• emceephi - Friday, October 7, 2016 - link

    It's time to upgrade to AC. It's waaaay faster than n.
  • phoenix_rizzen - Friday, October 7, 2016 - link

    Wireless works great for things that move around a lot. Wired works great for things that don't move.

    The TV is wired into the wall (power, cable, etc).

    The media box is wired into the wall (power) and the TV (HDMI, audio, etc).

    Neither of them move, so why not include an Ethernet port? I've run Ethernet to all my rooms (flat cables slip under baseboards for no-tools-required installation). Thus, if a device that plugs into the TV doesn't have an Ethernet port, it doesn't get purchased.

    Wireless is a limited resource that's reserved for mobile devices (laptops, tablets, phones, Chromebook).
  • UberCrew - Friday, October 7, 2016 - link

    Ethernet is the most reliable way to stream video. The cost of adding an ethernet port to the Mi box would have been negligible. Only having one USB port on a device with no microSD card slot and no ethernet port was a mistake. I would have considered buying the device but the paltry internal storage, no ethernet port and only one USB 2.0 port make it a non option for me.
  • dsraa - Friday, October 7, 2016 - link

    I concur as well. Wifi for me sucks donkey balls when the router is more than 10-15ft away in another room, or another floor entirely, and Ethernet is just vastly superior in terms of throughput speed alone. For streaming, the extra 5-10mpbs sometimes makes all the difference due to buffering.
  • ezridah - Friday, October 7, 2016 - link

    You can use a USB ethernet adapter if you want. Even with the extra ~$10 that costs, this still seems like an all around better solution than the Chromecast Ultra unless you absolutely have to have it powered by USB.


    Something like this would work:
  • Samus - Saturday, October 8, 2016 - link

    I don't really get why Ethernet is missing, either. All of these companies are basically cloning the Apple TV, which has ALWAYS had Ethernet.

    Really for me I'd rather used a hard connection when I can just to free up the spectrum for all the other WiFi devices in my home that HAVE to be wireless (cameras, locks, lights, garage door opener, other smart appliances.)
  • close - Saturday, October 8, 2016 - link

    @Samus, I don't think the only way to do it is Apple's way, nor do I think that after more than a decade of media players as we know them today there's any room for such generalizations as "they're all cloning the Apple TV". Especially since today's media box is the natural evolution to media-player only from the old set top boxes, VCRs, "Internet Terminals" or consoles that existed for decades.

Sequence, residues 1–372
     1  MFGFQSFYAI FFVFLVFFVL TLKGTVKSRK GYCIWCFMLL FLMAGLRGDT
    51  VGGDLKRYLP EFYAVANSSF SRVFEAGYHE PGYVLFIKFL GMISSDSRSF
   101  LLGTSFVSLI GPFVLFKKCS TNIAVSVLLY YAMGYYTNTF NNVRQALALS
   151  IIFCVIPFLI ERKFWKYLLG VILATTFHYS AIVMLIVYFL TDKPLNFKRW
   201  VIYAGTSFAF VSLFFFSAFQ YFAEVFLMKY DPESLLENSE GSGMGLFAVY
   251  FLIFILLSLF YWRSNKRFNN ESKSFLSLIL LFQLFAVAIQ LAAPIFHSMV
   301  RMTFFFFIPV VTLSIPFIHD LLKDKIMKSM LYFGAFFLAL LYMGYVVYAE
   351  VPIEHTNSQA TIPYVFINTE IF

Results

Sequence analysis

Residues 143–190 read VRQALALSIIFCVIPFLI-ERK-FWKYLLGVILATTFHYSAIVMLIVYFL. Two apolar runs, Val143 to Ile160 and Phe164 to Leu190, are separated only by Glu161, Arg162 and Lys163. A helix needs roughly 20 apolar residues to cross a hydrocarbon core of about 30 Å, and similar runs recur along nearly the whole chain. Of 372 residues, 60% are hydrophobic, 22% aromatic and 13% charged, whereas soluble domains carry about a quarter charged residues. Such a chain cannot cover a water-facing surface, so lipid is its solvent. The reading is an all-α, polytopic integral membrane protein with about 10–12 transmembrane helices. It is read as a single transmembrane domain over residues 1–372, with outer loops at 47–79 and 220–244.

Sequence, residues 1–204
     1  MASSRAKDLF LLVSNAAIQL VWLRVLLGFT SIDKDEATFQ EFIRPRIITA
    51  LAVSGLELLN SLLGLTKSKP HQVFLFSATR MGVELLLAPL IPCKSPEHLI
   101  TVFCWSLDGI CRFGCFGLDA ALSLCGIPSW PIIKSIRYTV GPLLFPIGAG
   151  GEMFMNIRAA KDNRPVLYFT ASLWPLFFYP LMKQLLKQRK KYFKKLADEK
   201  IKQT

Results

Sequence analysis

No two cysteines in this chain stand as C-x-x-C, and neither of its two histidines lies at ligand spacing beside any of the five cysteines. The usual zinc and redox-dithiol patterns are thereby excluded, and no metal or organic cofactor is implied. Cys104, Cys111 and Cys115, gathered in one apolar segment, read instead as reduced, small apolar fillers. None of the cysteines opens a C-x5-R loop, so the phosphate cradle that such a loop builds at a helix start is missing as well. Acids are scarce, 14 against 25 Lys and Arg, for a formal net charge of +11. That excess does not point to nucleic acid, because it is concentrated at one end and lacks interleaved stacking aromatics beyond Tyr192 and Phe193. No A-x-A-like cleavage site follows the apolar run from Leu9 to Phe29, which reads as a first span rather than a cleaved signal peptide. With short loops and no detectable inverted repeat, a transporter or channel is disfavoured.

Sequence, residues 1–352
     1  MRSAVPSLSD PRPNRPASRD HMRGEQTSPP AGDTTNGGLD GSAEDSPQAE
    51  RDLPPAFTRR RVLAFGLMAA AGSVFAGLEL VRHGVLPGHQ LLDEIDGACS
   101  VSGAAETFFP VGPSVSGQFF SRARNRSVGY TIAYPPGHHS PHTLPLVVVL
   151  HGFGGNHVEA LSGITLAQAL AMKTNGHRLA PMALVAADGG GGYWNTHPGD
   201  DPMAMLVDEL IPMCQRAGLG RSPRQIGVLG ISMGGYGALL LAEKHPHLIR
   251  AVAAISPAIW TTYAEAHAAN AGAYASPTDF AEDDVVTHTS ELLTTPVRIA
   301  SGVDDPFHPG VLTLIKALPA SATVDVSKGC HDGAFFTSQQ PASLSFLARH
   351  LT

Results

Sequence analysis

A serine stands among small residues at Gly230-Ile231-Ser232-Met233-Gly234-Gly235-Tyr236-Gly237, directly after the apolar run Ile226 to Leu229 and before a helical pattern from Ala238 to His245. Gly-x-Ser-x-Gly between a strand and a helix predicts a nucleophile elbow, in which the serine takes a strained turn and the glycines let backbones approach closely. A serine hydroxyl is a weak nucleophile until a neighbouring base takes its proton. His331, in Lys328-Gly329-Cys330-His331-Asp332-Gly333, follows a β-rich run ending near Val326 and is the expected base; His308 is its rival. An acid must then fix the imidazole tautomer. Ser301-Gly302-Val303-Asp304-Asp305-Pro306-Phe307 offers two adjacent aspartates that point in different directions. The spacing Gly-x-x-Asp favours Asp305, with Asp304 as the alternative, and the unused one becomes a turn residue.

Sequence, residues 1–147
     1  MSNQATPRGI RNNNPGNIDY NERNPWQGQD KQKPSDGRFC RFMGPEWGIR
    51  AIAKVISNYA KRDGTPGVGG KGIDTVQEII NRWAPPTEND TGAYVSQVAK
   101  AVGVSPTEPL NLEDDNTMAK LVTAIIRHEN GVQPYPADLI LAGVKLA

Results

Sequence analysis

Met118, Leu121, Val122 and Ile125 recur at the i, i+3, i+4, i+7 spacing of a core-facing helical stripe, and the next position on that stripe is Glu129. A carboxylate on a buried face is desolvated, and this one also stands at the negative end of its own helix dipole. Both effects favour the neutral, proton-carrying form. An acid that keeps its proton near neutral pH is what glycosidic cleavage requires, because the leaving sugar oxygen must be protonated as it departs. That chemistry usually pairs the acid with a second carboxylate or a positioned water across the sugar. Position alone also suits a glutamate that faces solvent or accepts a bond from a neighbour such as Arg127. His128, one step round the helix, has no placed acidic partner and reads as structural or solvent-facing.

The iPhone7 is basically cloning the iPhone6 which ALWAYS had a 3.5mm jack. So your argument isn't doing very well.

    Is every laptop out there cloning the Epson HX-20 (first laptop ever) or even IBM/Compaq (HP) laptops? It's called evolution. Or if it's easier for you to understand it like this we can call it "courage" ;).
  • nathanddrews - Friday, October 7, 2016 - link

    This and the Chromecast Ultra both seem neat, but I'm apprehensive about buying any of these gadgets. In addition to some of the first-generation handshake issues between HDR devices and content, it really feels like we're in HDR beta testing territory. The approach by hardware makers and content providers really feels like each one of them is trying to corner the market rather than push for wide adoption.

    Right now, aside from AMD and NVIDIA having HDMI 2.0 and DP 1.4 ports on their GPUs, AMD has demoed PC HDR gaming content at shows and NVIDIA claims that HDR game streaming through the Shield is coming. However, not one HDR PC game exists that I can buy on Steam or Windows Store.

    I would expect that any game supporting HDR on consoles will get support on PCs with capable hardware (Pascal/Polaris), but so far it doesn't seem like PC is getting any HDR love. No games, no streaming video, no UHD Blu-ray. Still no HDR monitors either (excluding HDR TVs). Maybe 2017 will be the year?